IIM Bangalore Scholars Find Way To Influence Household Water Conservation
IIMB Scholars conduct an experiment with households to find methods of water conservation in homes.
Researchers from the Indian Institute of Management Bangalore (IIMB) conducted a multi-year study, amongst the first anywhere in the world, that used behavioural interventions alone to influence household water conservation that persists over the long term. The research was conducted by Vivek, a recent PhD graduate, Deepak Malghan, Associate Professor of Public Policy, and Kanchan Mukherjee, Professor of Organizational Behaviour, and published earlier this month in the prestigious journal PNAS (Proceedings of the National Academy of Sciences of the United States of America).
The authors report a field experiment that implemented a habit change intervention in an affluent residential community in Bengaluru.
This experiment implemented a framework for habit change, where automatic, unconscious behaviour, like taking a shower or brushing one’s teeth while leaving the tap on, was first brought into one’s conscious awareness through appropriate messaging. This, coupled with water-saving tips, helped consumers cut back on the wastage of a crucial resource. The intervention, which lasted for only five weeks, yielded a 15-25 per cent reduction in household water consumption. More importantly, the effect lasted for the entire observation period of two years after the intervention was stopped, establishing the potential of using behavioural methods to achieve a significant long-term reduction in water consumption.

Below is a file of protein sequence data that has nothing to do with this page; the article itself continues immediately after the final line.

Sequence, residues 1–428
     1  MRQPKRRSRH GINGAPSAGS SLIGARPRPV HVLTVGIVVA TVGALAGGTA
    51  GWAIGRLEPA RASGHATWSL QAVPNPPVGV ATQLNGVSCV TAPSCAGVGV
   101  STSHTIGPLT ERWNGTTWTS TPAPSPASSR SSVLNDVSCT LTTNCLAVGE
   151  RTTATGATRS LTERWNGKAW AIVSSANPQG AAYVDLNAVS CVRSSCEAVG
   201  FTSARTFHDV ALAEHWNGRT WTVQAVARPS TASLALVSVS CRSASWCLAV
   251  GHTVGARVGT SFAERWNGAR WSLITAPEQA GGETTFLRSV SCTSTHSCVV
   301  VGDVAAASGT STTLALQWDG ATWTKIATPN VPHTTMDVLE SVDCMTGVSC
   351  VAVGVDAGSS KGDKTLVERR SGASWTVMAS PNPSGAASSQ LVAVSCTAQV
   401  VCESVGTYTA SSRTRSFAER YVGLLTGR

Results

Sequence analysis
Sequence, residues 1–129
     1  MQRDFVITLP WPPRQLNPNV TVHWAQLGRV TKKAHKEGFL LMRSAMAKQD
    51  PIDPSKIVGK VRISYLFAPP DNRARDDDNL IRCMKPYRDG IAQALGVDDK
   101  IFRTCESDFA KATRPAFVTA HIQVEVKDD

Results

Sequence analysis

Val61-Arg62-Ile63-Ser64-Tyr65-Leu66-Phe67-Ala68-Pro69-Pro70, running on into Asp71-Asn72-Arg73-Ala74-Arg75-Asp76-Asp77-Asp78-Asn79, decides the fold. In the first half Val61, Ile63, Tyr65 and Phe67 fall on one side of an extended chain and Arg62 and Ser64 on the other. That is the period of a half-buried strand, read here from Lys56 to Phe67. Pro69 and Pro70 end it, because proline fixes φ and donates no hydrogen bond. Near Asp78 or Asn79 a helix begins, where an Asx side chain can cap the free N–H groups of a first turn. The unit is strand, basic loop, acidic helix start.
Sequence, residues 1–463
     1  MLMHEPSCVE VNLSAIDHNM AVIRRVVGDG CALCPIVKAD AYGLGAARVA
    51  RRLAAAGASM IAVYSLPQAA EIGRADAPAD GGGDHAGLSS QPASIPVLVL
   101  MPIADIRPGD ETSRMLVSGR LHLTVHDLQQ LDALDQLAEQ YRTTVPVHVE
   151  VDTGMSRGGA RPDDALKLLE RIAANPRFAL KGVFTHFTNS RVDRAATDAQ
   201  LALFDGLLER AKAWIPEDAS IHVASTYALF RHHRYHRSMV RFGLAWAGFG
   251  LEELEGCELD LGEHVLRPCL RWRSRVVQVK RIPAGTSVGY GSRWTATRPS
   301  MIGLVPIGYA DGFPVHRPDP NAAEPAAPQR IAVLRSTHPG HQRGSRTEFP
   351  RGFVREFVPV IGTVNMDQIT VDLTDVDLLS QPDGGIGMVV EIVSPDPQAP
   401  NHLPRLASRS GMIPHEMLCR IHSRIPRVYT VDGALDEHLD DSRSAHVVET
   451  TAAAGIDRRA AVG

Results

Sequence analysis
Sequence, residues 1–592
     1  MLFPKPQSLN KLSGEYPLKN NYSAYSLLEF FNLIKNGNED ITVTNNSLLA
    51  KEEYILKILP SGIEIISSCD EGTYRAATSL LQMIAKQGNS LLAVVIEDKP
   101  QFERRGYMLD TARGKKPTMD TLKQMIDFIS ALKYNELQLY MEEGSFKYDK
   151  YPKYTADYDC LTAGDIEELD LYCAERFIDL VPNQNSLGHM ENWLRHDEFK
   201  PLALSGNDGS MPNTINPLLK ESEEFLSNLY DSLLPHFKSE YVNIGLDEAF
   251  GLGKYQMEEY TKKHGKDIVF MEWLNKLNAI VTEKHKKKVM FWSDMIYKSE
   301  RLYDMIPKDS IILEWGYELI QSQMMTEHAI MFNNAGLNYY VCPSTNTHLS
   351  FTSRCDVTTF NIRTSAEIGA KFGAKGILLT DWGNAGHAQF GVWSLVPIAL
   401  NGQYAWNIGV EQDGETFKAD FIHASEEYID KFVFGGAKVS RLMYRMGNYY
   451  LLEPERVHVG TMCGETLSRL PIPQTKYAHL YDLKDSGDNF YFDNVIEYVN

The messaging consisted of three incremental parts:
- Daily water usage information for each family
- A water usage goal (i.e., a per-person limit) and feedback on usage vis-à-vis goal
- Easy water-saving tips using images.
The households were randomly divided into three test groups and a control group. The three test groups received one of only part 1, parts 1 and 2 or all three parts of the information. The households that received all three parts (Group 3) conserved most water compared to the control group and persisted at the reduced level of water usage for the entire observation period. As expected, the other two treated groups responded less favourably, and their smaller initial response vanished over time. The results suggest that Group 3 households changed their habits through goal-based motivation to change, made easier by the water-saving tips.
The results are very promising for demand management using behaviour change techniques. Such interventions can be a powerful tool to address growing freshwater scarcity in cities.
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